As Baltimore's murder rate soars, the city needs more than ceasefires

The city once known as "Bodymore" remains deadly, and leadership is not effective

By D. Watkins

Editor at Large

Published August 10, 2017 6:58PM (EDT)


Baltimore’s woes continue as the city's murder rate soars. Baltimore's 2017 per capita homicide rate is putting the city on track to become America’s murder capital.

In response to the year's killings, Baltimore citizens declared a ceasefire last Friday. Residents from all over the city marched, grilled food, and put on music in a love-filled effort to stop the violence. I didn’t participate in any of the festivities because I just had a major leg surgery and I’m confined to a wheelchair. If I could walk I would’ve gone out and supported all of the local and grassroots activists in the city, as they do amazing work and I believe that all change comes from the bottom up. I mean no disrespect to current or past leadership, but look at the current results.

Over the years, I’ve watched mayor after mayor in Baltimore city jump at opportunities to connect with the most ineffective people. Fake reverends, pseudo-community leaders and pseudo-activists who have mastered the art of hobnobbing, networking, grant paperwork and everything except making a difference. The more popular you are the more resources you get, as everybody sits around scratching their heads, wondering why we top 300 hundred murders every year.

If the definition of insanity is doing the same thing over and over expecting different results, our current leadership is definitely insane. As of press time, we have already reached our 213th homicide this year, according to the Baltimore Sun's data. Two people were shot and killed during the ceasefire; as tragic as those two deaths are, I still wouldn’t call the ceasefire a failure.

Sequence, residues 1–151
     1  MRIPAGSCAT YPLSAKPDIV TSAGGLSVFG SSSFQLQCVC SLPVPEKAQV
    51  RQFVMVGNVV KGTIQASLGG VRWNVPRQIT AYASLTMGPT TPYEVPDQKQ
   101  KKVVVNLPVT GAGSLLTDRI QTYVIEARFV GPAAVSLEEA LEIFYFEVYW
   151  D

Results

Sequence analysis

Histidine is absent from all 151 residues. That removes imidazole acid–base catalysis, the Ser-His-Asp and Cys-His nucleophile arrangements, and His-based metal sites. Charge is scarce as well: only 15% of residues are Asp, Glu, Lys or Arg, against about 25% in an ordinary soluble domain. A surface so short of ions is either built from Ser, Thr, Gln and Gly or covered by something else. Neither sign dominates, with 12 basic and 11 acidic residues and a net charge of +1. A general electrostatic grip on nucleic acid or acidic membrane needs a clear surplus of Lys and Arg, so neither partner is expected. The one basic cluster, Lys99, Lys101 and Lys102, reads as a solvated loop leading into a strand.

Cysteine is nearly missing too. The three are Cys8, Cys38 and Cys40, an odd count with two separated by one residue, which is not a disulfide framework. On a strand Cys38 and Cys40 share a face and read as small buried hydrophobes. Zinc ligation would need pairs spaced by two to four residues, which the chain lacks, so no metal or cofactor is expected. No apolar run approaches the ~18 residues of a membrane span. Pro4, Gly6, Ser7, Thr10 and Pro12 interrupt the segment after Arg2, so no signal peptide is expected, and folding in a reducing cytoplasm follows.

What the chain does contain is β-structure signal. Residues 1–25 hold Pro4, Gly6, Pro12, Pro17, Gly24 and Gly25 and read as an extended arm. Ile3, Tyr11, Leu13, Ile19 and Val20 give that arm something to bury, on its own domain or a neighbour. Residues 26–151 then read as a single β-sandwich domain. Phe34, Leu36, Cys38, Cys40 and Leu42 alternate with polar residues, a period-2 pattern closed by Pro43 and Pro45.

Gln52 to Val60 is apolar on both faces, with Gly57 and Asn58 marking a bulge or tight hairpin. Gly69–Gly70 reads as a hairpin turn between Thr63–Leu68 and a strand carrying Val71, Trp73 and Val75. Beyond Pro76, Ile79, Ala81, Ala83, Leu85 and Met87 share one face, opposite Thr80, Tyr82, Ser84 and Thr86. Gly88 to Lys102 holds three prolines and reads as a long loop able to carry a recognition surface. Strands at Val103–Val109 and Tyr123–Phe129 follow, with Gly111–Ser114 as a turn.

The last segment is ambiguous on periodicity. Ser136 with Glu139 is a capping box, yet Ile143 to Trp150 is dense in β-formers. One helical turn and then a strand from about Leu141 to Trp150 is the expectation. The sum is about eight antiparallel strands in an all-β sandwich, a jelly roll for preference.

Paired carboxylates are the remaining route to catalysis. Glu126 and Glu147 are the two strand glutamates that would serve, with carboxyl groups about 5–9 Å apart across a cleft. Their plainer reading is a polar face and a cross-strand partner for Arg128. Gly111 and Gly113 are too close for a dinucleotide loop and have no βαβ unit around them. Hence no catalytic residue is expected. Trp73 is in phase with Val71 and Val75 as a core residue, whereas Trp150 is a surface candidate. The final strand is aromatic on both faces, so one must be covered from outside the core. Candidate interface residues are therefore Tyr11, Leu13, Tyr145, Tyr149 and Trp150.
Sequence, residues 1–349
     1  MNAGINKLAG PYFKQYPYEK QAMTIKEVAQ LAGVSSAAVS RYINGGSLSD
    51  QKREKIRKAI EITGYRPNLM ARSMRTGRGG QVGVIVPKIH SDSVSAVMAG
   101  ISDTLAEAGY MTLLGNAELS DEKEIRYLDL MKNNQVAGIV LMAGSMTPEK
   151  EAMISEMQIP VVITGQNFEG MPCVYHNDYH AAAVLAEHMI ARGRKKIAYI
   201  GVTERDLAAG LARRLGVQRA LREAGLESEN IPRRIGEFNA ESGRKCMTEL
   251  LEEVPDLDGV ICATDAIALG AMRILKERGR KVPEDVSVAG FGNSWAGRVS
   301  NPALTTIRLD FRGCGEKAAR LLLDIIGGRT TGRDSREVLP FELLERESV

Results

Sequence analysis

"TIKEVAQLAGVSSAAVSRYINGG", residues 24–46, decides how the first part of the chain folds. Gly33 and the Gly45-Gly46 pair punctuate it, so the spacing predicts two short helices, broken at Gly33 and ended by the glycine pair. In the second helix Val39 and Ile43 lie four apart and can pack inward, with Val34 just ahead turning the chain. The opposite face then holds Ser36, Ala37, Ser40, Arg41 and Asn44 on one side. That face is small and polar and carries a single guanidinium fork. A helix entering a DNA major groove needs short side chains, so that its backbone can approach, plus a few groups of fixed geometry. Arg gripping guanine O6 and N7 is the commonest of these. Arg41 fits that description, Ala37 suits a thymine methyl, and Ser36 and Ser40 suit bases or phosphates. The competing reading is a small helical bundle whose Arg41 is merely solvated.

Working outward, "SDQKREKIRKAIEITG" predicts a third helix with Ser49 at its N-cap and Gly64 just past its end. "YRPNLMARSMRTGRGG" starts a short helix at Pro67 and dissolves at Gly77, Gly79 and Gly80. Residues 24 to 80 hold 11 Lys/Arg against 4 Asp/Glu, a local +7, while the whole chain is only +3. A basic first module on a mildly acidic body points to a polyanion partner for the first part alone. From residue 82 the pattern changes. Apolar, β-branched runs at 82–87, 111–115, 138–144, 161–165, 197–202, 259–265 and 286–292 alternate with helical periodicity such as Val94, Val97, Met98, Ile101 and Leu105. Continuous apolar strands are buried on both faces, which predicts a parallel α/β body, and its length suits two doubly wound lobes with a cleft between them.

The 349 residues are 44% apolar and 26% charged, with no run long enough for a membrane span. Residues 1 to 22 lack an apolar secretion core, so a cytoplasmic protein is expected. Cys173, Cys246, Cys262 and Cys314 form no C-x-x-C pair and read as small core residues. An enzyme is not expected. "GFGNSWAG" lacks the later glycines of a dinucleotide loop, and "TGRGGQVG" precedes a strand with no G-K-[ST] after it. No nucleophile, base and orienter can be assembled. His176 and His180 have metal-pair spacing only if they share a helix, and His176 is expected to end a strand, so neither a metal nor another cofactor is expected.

But random ceasefires aren't a complete solution. Here are some of the other things we have to consider:

Why are people killing each other?

Murder is an absolute; there's no coming back from that. What can we do effectively address that pain? How can we change that culture? Locking kids up and not getting them the help they need is only allowing a culture of violence to thrive.

Where are the guns coming from?

I grew up in Baltimore, and it is easier to get a gun than a job in this town. They are everywhere, and that's especially strange because I don’t know of any gun shops located in Baltimore city. I know we have some in Baltimore County, but I’m sure they aren’t selling to the guys committing the murders.

Follow the money

We know that money plays a role in this madness. If we put more time and energy into teaching skills and creating jobs, then we will save more lives. I truly believe that crime isn’t anyone's first option. People want good jobs that pay livable wages.

There are many people in Baltimore doing this work. Many were involved in the ceasefire, and I hope their work doesn’t go unnoticed. Until then, please pray for Baltimore.

By D. Watkins

D. Watkins is an Editor at Large for Salon. He is also a writer on the HBO limited series "We Own This City" and a professor at the University of Baltimore. Watkins is the author of the award-winning, New York Times best-selling memoirs “The Beast Side: Living  (and Dying) While Black in America”, "The Cook Up: A Crack Rock Memoir," "Where Tomorrows Aren't Promised: A Memoir of Survival and Hope" as well as "We Speak For Ourselves: How Woke Culture Prohibits Progress." His new books, "Black Boy Smile: A Memoir in Moments," and "The Wire: A Complete Visual History" are out now.

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